Presentation on theme: "Compare and Contrast Rhetorical Analysis AP English Language."— Presentation transcript:
Compare and Contrast Rhetorical Analysis AP English Language
Developing your Point by Point Comparison A comparison makes a point by discussing the similarities between two or more topics. A contrast makes a point by discussing the differences between two or more topics. To support a point through comparison or contrast, a writer identifies the comparable points of the topic, offers relevant and concrete descriptions and examples for each comparable point, and effectively uses coordination and subordination of ideas.
Making Your Point When you write a comparison or a contrast piece, you limit your thoughts to a set of topics based on their relationship to each other. Most likely you have an opinion or belief about the two topics and their comparable points. Your opinion is your point or main idea. In a comparison or contrast paragraph, you also reveal your opinion by discussing the topics and their points of similarities or differences in the order of your own choosing. A topic sentence states the overall point of the comparison or the contrast between the two topics. For example, the following topic sentence contains (1) the comparable topics, (2) the writer’s opinion about the topic, and (3) the pattern of organization used to organize details.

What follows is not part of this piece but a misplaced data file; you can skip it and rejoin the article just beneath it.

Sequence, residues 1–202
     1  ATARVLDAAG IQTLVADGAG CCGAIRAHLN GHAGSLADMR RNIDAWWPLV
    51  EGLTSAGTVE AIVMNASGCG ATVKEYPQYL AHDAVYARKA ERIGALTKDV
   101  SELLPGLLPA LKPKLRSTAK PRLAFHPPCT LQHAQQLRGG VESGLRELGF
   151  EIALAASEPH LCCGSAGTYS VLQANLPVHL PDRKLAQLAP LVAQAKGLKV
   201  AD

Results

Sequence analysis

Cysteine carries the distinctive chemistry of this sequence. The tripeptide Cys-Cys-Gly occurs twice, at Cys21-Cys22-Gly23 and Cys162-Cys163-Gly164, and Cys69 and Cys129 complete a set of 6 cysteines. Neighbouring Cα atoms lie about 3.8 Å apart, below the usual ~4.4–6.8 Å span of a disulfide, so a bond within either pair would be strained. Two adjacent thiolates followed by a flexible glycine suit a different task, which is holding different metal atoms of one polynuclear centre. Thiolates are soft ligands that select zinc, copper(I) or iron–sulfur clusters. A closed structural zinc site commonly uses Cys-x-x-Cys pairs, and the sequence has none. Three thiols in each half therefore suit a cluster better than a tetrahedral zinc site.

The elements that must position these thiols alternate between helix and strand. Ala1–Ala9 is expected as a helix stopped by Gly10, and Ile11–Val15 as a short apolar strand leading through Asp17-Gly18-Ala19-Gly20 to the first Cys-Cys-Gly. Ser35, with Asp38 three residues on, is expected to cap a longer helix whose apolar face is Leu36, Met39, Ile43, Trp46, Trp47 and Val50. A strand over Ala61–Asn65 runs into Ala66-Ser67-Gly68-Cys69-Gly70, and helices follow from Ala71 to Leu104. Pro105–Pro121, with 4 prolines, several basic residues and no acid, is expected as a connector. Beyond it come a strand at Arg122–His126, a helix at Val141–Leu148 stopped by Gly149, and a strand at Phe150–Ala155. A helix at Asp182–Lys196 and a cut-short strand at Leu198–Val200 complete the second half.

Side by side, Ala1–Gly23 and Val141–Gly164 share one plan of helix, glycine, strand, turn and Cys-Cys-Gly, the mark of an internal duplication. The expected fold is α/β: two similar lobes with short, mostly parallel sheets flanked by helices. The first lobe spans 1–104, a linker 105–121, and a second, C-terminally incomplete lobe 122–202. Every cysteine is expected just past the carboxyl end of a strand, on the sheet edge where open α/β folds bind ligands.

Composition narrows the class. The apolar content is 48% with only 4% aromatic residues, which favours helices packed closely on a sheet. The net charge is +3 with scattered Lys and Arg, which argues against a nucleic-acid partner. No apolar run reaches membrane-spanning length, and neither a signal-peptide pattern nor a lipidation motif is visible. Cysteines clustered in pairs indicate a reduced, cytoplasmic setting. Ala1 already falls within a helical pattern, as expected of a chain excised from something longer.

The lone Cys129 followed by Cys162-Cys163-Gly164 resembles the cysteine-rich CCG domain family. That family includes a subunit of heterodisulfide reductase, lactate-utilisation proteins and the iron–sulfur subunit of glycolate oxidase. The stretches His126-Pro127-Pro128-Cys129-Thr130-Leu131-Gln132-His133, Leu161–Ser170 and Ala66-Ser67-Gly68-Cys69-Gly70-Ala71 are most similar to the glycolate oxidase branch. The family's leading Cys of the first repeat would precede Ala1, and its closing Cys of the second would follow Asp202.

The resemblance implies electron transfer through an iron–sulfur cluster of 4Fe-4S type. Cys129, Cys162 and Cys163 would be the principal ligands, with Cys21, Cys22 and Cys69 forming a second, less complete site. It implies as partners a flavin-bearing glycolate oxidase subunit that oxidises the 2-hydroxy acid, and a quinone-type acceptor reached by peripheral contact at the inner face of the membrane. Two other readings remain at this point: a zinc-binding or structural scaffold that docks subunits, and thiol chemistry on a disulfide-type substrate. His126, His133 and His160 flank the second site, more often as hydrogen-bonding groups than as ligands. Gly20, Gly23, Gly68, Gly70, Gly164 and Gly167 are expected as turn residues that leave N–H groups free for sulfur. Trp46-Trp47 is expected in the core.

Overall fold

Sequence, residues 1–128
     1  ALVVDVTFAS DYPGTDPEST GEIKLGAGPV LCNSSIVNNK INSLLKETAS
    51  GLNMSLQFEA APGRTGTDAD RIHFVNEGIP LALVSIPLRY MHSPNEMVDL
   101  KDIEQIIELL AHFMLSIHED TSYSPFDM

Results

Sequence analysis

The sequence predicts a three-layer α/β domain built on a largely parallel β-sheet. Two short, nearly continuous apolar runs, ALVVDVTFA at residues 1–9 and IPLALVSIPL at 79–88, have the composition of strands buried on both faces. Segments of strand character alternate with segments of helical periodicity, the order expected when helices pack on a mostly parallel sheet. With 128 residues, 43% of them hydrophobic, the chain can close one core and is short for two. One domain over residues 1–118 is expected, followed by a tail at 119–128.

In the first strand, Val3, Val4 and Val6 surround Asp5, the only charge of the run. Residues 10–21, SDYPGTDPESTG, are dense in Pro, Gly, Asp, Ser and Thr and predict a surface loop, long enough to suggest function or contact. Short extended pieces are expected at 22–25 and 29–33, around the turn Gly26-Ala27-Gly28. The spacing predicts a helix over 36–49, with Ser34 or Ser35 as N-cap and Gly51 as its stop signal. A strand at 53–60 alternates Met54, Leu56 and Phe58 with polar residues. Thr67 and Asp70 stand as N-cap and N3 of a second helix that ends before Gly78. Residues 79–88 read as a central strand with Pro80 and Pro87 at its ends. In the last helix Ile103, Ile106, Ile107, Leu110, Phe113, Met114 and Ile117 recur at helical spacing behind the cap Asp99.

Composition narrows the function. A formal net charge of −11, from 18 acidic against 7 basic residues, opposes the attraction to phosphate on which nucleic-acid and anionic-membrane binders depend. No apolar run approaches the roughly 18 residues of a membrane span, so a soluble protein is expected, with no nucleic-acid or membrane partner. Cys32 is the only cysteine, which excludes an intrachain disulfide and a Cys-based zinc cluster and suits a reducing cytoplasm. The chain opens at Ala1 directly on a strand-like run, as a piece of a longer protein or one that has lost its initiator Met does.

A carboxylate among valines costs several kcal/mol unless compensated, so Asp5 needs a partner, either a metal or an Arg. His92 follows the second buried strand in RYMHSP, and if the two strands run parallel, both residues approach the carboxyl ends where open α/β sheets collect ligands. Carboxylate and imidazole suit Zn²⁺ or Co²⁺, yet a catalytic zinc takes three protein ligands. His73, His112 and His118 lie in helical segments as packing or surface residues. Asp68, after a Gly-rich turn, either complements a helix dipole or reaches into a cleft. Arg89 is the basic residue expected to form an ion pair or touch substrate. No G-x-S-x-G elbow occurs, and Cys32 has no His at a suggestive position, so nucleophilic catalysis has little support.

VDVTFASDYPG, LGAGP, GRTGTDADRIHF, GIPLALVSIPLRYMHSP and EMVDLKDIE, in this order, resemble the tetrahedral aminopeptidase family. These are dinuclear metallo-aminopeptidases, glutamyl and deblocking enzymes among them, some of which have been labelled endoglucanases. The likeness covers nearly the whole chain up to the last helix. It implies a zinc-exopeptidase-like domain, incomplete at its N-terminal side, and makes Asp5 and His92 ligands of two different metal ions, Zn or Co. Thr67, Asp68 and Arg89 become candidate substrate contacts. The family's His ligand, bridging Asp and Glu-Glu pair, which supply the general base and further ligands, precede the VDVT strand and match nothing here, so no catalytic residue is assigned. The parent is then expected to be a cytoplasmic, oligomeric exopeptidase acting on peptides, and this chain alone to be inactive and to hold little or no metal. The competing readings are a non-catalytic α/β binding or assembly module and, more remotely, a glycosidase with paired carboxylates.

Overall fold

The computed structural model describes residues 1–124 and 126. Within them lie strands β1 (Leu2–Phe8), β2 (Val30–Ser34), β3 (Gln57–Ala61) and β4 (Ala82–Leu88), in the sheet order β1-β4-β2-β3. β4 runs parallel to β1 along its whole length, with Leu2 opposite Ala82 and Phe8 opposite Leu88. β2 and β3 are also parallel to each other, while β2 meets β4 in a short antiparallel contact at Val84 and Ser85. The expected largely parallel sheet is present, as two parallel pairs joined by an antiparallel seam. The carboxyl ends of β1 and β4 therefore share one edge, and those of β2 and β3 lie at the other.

The Thesis Statement Even though the (tone) (genre) ______________ by _____ and (tone) (genre) ______________ by _____ both …, they differ in …
The Evidence: Present Ideas in a Logical Order Once you have identified the comparable points between your topics and have focused on a main idea, you are ready to generate and organize additional details. To make a point using comparison or contrast, a writer moves from a general idea (the comparison or contrast of two or more topics) to a major support (a comparable point about the topics) to minor supports (details or examples of the comparable point about the topics). To signal the movement among these levels of ideas, a writer uses transitions to signal similarities or differences and examples. Strong transitions establish coherence, a clear and understandable flow of ideas.
Words That Signal Comparison alike, equally, in the same way, likewise, As, in a similar fashion, just as, resemble, Similarly, as well as, in a similar way, just like
Words That Signal Contrast Although, conversely, differently, on the other hand as opposed to, despite, even though, most, still at the same time, difference, in contrast, nevertheless, on the contrary But, different, in spite of, unlike
Example Details Both ___ and ___ express the purpose of … Although ___’s tone is ___, ___’s tone is ___; they differ because …